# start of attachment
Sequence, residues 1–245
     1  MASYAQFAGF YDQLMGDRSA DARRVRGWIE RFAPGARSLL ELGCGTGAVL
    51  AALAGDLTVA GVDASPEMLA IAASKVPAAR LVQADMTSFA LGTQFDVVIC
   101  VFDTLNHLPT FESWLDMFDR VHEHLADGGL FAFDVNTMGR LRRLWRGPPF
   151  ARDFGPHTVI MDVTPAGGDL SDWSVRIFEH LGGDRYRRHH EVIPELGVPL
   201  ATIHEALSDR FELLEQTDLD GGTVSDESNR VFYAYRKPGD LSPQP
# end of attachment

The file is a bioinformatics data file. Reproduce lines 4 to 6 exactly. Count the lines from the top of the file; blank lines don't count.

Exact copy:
   101  VFDTLNHLPT FESWLDMFDR VHEHLADGGL FAFDVNTMGR LRRLWRGPPF
   151  ARDFGPHTVI MDVTPAGGDL SDWSVRIFEH LGGDRYRRHH EVIPELGVPL
   201  ATIHEALSDR FELLEQTDLD GGTVSDESNR VFYAYRKPGD LSPQP